Through the eyes of the survivors

Editor’s note: Six students enrolled in University of Utah S.J. Quinney College of Law Professor Paul Cassell’s criminal law course last spring shared their deeply personal stories of surviving sexual assault with classmates as a way to bring attention to victims’ experiences.  The women shared their stories in the latest edition of Res Gestae, the alumni magazine of the S.J. Quinney College of Law. (Pages 31-34)

Two of the survivors granted permission for their written stories to be shared in  entirety below.  Readers should be aware the accounts contain graphic descriptions of sexual assault. For information on services the University of Utah provides to survivors of violence, visit: and



Rape. It’s a word that doesn’t come easily, especially to those who have been victimized by it. Even after I told him no, pushed him away, even after he hurt me so bad I couldn’t scream, even after he twisted his fingers under my ponytail and pulled so hard I thought my head would explode it didn’t feel like rape. Even after he pounded into me like I was a piece of concrete and he was a jackhammer, here to break me into a million pieces. Even after he told me to “suck it up.” Even after he raped me the next morning, kissed me on the cheek, and left. It still didn’t feel like rape.

Why? Well, because nobody announces what they are planning on doing to you or gives you a chance to think. Nobody wears a badge that says “rapist.” And nobody, absolutely nobody, wants to be “that girl.” Do you want to know why I didn’t fight? Well, so do I. I don’t remember it ever being a choice. I remember that one moment I was turning toward him, preparing for the hundredth time that day to inform him that I wouldn’t be sleeping with him and he could stay on the couch, and then all I remember is pain. Numbness. Shock. Fear.

Rape is not a mental experience. It’s a physical one. Even when your mind wants to forget, your body remembers. Even when your mind doesn’t know what to call it, your body knows the truth. Your body quivers, shakes, cries, freezes, and crumbles even when your mind knows that you’re safe. That the stranger who kind of looks like him isn’t a threat. But how, how on earth, could you ever know when you’re not safe again? How, on earth, will you ever feel whole again? I wished he had beaten me. I wished he had killed me. I wish he had given me some shred of incontrovertible proof that I had been raped so that I didn’t have to be eaten alive by both pain and doubt. My body knows, but my brain forgets. And the judgment of others, who try to take away that knowledge that only my body can produce and that my fragile and indecisive mind can barely hold onto is too much power for strangers to have. My story is the only power I have over my mind. So I tell it, to keep it alive, to make sure that my body can seek the justice it deserves but will never get. Because his boss didn’t care. The police didn’t care. He has done it before and he will do it again. And there’s nothing I can do about it.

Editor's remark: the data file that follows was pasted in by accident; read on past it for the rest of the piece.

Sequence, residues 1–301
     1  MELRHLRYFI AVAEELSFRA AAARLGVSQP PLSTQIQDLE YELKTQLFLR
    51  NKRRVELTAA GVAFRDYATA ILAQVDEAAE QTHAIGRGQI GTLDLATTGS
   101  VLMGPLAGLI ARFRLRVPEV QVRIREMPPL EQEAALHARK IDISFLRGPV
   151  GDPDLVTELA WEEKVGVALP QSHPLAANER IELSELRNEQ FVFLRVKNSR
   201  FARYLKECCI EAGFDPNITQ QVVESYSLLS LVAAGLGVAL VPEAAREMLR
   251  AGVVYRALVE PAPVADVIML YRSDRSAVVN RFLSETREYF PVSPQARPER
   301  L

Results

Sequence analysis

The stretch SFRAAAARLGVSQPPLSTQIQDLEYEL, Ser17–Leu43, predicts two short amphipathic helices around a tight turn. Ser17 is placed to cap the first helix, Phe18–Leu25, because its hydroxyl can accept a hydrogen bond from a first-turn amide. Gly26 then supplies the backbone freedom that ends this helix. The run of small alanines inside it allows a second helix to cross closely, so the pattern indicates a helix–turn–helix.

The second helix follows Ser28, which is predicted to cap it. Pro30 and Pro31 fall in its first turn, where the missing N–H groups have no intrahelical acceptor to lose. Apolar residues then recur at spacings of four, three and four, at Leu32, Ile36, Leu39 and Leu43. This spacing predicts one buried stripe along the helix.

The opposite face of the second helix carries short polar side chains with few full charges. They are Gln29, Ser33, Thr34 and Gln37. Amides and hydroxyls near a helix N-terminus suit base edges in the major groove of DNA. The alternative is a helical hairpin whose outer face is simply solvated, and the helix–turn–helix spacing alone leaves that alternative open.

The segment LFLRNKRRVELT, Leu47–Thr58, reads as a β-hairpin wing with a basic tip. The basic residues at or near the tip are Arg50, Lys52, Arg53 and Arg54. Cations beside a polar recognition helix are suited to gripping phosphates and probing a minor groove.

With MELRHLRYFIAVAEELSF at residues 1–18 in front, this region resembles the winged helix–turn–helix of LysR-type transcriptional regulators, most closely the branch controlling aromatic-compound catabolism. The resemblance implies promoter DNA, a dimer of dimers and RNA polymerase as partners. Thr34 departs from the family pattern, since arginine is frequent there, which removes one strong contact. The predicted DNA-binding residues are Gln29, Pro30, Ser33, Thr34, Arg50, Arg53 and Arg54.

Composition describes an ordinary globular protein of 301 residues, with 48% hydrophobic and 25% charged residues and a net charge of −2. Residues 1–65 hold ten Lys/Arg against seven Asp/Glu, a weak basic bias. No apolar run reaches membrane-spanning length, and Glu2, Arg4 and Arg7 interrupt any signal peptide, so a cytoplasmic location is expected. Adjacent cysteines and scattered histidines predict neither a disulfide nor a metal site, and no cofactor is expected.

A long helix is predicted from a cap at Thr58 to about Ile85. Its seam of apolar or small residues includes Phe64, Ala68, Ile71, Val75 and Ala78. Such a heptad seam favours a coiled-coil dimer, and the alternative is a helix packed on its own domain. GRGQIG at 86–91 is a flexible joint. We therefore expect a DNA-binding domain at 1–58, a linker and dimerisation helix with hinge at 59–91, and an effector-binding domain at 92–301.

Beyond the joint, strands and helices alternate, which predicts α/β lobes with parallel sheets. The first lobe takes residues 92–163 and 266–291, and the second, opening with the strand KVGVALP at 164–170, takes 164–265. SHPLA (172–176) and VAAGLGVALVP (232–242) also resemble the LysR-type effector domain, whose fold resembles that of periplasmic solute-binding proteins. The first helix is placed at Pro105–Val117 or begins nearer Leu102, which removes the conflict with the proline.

You should know I don’t talk about this because I don’t want you to judge me.

Would you say I wasn’t raped because I didn’t use utmost-resistance? That I wasn’t raped because I didn’t claw his heavy oppressive body off of my petite 13-year-old frame?

Would you say I wasn’t raped if I didn’t physically fight him at all? Would you blame me for just lying there like an animal playing dead? Sometimes I still blame myself… is that a “reasonable woman” thing to do?

Would you say I wasn’t raped because I only said no once and then just gave in when he pushed his heavy body onto mine, down into the tall, wet grass?

Would you say I wasn’t raped because I didn’t tell the police? Or because I didn’t tell my parents? Would you say I wasn’t raped because I thought it was my fault? Or that after I limped home in the dark I pulled the chain off my bicycle and rubbed grease all over my hands to have an excuse for being home late? Or because I didn’t cry until I got home, let my parents yell, ran up to the bathroom and sat underneath the shower, and watched as the tears, dirt, grease and blood mixed with the water, erasing the evidence but not the shame. Never the shame.

Would you say I wasn’t raped because only the bugs in the grass saw him hold me down or because no one heard him whisper, “you are a goddess” in my ear, or felt his hot breath on my neck?

What if you knew that my best friend said I was lying and called me a slut when I told her? Then all those other girls started calling me a slut too. Then would you say it was rape? What if you knew that I prayed for hours and hours for relief and when I told my priest about what happened he said, “god works in mysterious ways.” God left me that day.

If you knew what it felt like you would say it was rape. If you knew that the physical trauma was only the beginning you would say it was rape.

What if you knew that over a decade later I still see a therapist? Or that I cried after class on Monday? That I cried when I wrote this yesterday. And I cried while my friend wrote hers too. If you knew all these things would you say it was rape?

Why do you get to decide what it was anyway? Why do you get to have that ownership of my body and my fate just like he did?

When I tell the story now I always feel compelled to add to the end, “but I’m lucky because I didn’t get a disease and I didn’t get pregnant.” Then I yell internally at myself. “WHY DO I SAY THIS?!”  If I was lucky I wouldn’t have been raped. If I was lucky I wouldn’t still have trouble having a functional romance. If I was lucky I wouldn’t have flashbacks at random times I can’t control: walking down the street, sitting in class, with a lover… If I was lucky I wouldn’t be trying to get you to understand what it feels like to be raped. If I was lucky I wouldn’t be writing this worried that you will judge me for what I have to say.